At approximately 0030 EST, a renewed round of shelling landed near the nuclear storage facility of Zaporizhzia Nuclear Power Plant in Enerhodar, Ukraine. Ten explosions were recorded. This strike, which destroyed several energized pylons that Russian engineers have rigged to deliver electricity to Russian occupied Kherson Oblast were reportedly destroyed. However, both sides continue to claim the other initiated the strike. The Russian Ministry of Defense claimed they intercepted several rockets and shot down a Ukrainian Mi-24 from Nikipol which lies just across the Dnieper River. The Ukrainians, despite hints that they were prepared to destroy such an illegal arrangement, claim that the Russian Ground Forces carried out the strike as a false flag operation.
Ukrainian energy agency Energoatam announced that radiation levels at the plant remain safe, although the strike did destroy at least two sensors. Their personnel continue to operate the plant under control of Russian energy officials.
The last 48 hours have seen extensive messaging from both the Ukrainians and Russians surrounding several episodes of artillery shelling at the plant, as we covered here.
Since that report, the U.N. Secretary General made this statement:
“I am gravely concerned about the unfolding situation in and around the Zaporizhzhia Nuclear Plant in southern Ukraine.
I have appealed to all concerned to exercise common sense and reason and not to undertake any actions that might endanger the physical integrity, safety or security of the nuclear plant – the largest of its kind in Europe.
Regrettably, instead of de-escalation, over the past several days there have been reports of further deeply worrying incidents that could, if they continue, lead to disaster.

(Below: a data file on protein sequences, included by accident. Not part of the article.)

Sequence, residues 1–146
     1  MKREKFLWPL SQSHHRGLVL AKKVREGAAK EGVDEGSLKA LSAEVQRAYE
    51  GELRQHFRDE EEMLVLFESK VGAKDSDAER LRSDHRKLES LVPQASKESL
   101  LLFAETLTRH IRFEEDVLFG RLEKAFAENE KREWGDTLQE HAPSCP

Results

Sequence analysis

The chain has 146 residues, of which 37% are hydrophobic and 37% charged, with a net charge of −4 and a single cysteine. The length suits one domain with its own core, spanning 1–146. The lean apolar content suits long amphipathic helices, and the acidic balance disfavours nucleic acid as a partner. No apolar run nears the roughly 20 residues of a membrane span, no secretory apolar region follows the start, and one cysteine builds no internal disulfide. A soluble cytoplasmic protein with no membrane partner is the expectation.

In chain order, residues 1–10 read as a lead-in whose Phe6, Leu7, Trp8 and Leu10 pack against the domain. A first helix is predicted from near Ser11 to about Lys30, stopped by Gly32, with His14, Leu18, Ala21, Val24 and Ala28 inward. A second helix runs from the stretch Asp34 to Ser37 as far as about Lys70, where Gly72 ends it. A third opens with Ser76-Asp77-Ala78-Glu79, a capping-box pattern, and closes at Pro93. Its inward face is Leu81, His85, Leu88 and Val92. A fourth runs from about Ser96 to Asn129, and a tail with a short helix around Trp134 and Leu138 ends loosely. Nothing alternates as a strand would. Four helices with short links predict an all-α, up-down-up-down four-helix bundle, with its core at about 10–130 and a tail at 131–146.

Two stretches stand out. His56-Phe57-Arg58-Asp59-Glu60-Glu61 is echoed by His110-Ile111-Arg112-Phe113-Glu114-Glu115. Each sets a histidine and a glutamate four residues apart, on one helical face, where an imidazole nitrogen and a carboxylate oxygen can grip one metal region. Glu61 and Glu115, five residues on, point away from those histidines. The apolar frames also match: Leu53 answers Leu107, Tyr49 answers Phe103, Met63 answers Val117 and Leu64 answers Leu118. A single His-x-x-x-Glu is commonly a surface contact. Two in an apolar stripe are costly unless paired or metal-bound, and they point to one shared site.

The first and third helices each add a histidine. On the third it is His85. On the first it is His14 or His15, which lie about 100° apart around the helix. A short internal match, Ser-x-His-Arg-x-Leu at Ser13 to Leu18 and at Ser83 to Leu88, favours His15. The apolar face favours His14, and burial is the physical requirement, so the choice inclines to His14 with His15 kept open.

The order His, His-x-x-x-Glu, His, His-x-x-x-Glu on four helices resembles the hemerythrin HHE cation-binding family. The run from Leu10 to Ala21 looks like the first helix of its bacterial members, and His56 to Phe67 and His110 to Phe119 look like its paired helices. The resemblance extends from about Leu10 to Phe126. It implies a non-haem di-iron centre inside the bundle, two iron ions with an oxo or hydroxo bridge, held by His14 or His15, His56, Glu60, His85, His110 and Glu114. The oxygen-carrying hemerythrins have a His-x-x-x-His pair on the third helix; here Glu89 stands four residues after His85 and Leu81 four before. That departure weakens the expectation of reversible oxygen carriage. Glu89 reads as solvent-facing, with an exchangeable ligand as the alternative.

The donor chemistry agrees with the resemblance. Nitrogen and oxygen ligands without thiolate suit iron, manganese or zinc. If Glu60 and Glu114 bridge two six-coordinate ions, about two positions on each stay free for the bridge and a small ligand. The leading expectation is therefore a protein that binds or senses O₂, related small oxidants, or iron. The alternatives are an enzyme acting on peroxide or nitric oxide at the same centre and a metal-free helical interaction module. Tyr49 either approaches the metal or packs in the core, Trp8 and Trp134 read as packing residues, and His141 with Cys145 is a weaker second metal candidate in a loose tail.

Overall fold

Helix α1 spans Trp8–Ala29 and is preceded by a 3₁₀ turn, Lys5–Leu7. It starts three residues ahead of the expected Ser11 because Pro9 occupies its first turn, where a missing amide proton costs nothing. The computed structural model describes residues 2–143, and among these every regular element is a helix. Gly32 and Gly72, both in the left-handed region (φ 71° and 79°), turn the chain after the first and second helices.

I am calling for all military activities in the immediate vicinity of the plant to cease immediately and not to target its facilities or surroundings.
I urge the withdrawal of any military personnel and equipment from the plant and the avoidance of any further deployment of forces or equipment to the site. The facility must not be used as part of any military operation. Instead, urgent agreement is needed at a technical level on a safe perimeter of demilitarization to ensure the safety of the area.
The United Nations continues to fully support the critical work of the International Atomic Energy Agency (IAEA) and its efforts to ensure the safe operations of the Zaporizhzhia Nuclear Plant. I urge the parties to provide the IAEA mission with immediate, secure and unfettered access to the site.
We must be clear that any potential damage to Zaporizhzhia or any other nuclear facilities in Ukraine, or anywhere else, could lead to catastrophic consequences not only for the immediate vicinity, but for the region and beyond. This is wholly unacceptable.”